News of family and friends.
Caroline repeats story told to R. W. Darwin of FitzRoy's feeling of obligation to a Mr White, from whom he gained release to marry Miss O'Brien.
Fanny Biddulph has had a son.
My dear Charles
I hope this will find you in London before you return; we were very glad to have your last letter, and I do hope by this time you have lost all remains of the Influenza, which you seem to have had very badly.— What a plague it has been everywhere!— We have been very long without writing to you, but the reason has been that I have been waiting for a Frank, to send you on a little note from Fanny Biddulph, which she sent me for you some time ago. We have been expecting a Capt Mathew to call, who is a Member, but he has not appeared yet; whenever he does, I will make use of him for you.— You will be glad to hear that dear Fanny Biddulph had a little Son & Heir, last Monday. She had a very good confinement, & is as well as possible, which we were exceedingly glad to hear; for the two last times she was in danger of her life.— Old Mrs & Miss Biddulph are cleared off to Leamington, so that dear Fanny has the Castle and Mrs Owen to herself comfortably.— Charles Owen is gone to a Tutor's near Cheltenham.—
Emma Wedgwood is very gay at Edinburgh with Lady Gifford; she writes word that your Feather Flowers are very much admired, and she finds them exceedingly useful at all her parties. We hear that Emma says she would have preferred the learned Season at Edinburgh to the gay one, which proves that Charlotte knew her better than I did.— I am very much surprised at it, and do not think she can know what she is talking about.— They are very much interested at Maer about your book, and I must copy you what Elizabeth says about it, as we all quite agree in her opinions. “I hope Charles will rather risk a little repetition, than leave out too much of his Journal, especially about the people, which is always a more interesting subject than the place. — What he says is sure to be said in so different a way from the Captain, that it is sure not to have the effect of repetition; and if he cuts up too much, he might make his Journal dryer.”— I am very sorry to hear that it only promises to be half the size of the old one; a vast deal must have been left out, and I am sure a great deal we thought very interesting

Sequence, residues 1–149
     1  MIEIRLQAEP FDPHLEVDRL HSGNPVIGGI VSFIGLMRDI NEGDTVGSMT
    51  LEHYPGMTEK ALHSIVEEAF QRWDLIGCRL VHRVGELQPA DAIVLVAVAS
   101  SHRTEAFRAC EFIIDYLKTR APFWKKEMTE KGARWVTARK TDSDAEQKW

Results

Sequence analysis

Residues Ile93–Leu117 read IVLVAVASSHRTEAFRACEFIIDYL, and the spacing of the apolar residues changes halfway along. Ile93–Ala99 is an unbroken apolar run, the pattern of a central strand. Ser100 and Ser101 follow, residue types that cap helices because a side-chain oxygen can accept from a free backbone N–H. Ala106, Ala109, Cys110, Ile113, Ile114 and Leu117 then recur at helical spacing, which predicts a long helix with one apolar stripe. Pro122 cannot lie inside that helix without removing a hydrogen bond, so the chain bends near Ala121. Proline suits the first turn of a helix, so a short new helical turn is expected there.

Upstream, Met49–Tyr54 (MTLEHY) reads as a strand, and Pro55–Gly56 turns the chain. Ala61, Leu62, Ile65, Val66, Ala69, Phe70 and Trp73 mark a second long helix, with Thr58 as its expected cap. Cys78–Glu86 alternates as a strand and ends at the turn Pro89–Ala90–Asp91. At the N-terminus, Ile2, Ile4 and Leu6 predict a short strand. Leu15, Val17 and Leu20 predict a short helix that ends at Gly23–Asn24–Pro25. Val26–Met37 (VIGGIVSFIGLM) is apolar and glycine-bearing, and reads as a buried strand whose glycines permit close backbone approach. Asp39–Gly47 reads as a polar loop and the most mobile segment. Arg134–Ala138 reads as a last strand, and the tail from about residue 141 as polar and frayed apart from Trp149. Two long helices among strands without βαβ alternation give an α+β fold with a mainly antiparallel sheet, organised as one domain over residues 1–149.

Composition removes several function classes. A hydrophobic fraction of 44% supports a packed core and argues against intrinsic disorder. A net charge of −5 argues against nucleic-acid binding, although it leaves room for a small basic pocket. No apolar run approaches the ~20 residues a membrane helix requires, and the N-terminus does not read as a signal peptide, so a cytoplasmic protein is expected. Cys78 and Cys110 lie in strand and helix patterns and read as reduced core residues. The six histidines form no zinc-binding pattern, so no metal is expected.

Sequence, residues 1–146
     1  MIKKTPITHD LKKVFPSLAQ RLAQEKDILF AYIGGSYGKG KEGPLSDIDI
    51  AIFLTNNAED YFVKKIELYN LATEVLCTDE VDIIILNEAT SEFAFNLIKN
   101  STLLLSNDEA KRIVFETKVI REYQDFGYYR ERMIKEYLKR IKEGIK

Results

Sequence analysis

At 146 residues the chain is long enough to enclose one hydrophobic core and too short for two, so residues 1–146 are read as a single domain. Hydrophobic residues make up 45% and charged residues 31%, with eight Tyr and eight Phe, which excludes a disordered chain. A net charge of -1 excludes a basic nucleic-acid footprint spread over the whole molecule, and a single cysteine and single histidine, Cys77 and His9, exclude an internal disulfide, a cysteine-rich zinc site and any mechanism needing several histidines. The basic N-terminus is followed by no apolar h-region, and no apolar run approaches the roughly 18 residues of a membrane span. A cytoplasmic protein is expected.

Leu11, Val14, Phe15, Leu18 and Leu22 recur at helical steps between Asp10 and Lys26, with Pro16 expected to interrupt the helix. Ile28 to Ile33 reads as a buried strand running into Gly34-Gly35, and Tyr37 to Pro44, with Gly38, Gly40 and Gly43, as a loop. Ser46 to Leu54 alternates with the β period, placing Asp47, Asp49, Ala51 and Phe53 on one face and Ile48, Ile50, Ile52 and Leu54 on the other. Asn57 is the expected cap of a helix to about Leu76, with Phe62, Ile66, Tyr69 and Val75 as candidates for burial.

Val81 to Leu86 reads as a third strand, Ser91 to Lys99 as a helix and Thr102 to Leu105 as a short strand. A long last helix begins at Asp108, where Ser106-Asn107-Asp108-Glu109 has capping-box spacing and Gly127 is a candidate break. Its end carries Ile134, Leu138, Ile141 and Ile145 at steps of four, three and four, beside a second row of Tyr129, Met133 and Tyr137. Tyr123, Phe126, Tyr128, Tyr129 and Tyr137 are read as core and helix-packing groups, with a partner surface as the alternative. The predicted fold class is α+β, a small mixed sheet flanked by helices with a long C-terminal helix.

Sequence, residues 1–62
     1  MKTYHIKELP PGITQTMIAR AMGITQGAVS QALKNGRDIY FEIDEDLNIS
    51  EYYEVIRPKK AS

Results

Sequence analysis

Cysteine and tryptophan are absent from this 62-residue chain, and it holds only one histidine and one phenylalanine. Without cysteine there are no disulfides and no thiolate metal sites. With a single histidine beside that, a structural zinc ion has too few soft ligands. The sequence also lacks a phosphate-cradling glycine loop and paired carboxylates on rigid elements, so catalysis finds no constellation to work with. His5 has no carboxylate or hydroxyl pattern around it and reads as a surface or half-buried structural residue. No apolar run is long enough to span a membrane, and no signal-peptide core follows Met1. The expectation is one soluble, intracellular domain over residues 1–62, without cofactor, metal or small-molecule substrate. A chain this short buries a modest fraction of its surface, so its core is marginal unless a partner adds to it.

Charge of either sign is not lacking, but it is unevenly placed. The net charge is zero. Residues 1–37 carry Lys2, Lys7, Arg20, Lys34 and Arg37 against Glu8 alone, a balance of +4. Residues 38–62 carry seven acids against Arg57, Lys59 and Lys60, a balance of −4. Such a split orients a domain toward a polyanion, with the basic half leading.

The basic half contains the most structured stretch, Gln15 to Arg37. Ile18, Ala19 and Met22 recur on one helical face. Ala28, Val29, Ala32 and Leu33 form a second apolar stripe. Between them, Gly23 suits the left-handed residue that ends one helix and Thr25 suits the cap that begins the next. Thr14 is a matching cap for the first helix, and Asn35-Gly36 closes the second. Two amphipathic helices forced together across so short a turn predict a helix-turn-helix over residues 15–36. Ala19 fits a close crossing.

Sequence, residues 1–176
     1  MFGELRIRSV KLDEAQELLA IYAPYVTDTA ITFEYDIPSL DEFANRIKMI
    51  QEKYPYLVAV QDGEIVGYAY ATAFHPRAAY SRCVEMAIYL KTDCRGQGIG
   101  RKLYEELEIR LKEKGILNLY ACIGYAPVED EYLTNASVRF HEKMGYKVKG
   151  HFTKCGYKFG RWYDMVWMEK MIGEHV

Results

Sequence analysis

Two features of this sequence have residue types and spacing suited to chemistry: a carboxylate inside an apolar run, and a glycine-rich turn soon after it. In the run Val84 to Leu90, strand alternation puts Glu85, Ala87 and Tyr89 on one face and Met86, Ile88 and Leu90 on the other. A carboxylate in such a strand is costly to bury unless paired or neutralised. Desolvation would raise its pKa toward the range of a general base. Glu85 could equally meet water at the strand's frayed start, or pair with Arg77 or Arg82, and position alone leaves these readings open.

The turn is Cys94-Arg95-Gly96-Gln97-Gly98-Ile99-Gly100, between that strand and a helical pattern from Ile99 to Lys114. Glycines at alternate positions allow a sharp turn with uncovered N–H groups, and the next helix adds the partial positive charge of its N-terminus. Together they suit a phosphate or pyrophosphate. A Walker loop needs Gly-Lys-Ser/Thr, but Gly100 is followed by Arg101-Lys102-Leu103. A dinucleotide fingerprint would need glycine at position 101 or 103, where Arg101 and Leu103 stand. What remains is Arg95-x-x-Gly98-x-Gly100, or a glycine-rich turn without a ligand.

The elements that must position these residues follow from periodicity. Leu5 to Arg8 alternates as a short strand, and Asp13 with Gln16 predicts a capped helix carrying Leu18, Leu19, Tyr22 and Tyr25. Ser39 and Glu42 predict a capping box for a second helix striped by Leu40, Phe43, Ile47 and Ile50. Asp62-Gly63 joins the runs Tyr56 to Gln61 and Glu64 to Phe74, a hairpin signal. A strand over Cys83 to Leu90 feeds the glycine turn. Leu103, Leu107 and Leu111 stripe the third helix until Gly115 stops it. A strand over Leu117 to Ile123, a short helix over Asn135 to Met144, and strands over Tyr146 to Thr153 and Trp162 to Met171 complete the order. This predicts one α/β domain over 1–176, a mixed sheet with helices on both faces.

Papa desires me to say that you are to call at Robarts to
receive the dividend on 800£ in the 3 per cents, and also the
dividend on 5 shares in the Grand Trunk Canal; you must ask to sign some
papers, and I write to tell you this, before you leave London.— I want you to
see the Evans sometime; they are at Ibbotson's Hotel and M
Goodbye dearest Charley. I long for your next visit here.— All our loves to
you.— | Ever y
Love to Eras.
My dear Ch<ar>les
I have beggd a scrap of Caths letter to tell yo<u> my Father
<wa>s at Ellesmere a little while ago &
there he found the Apotheca<ry> full talk about “Capt
Fitzroy's very honorable conduct” and
- f1 344.f1Captain George Benvenuto Mathew was M.P. for Athlone, 1835–7 (Stenton 1976).
- f2 344.f2Richard Myddelton Biddulph.
- f3 344.f3Charlotte Langton.
- f4 344.f4Sarah Elizabeth (Elizabeth) Wedgwood.
- f5 344.f5Although much was omitted, the published version was longer than the diary (224,000 words compared to 189,000 words). See ‘Beagle’ diary, p. viii and its appendixes, which list the more important passages added in both the 1839 and 1845 editions. The additional matter in the first edition came mainly from the zoological and geological notes CD made during the voyage.
- f6 344.f6Robarts, Curtis & Co., 15 Lombard Street, London.
- f7 344.f7George Evans, of Portrane.
- f8 344.f8CD's address book, begun by Emma after their marriage, lists a Mrs Warren at 15 Bedford Square (Down House MS). According to Boyle's Court and Country Guide (London 1837), a Mrs Charles Warren lived at this address.
- f9 344.f9Eight miles north-east of Oswestry, Shropshire.
- f10 344.f10Robert FitzRoy and CD met the Whites in Valparaiso. In Narrative 2: 479 FitzRoy refers to Captain White, then Vice-Consul in Valparaiso, but sheds no light on Mr Fitzpatrick (White's son-in-law) nor on why FitzRoy promised to make White's grandson his heir.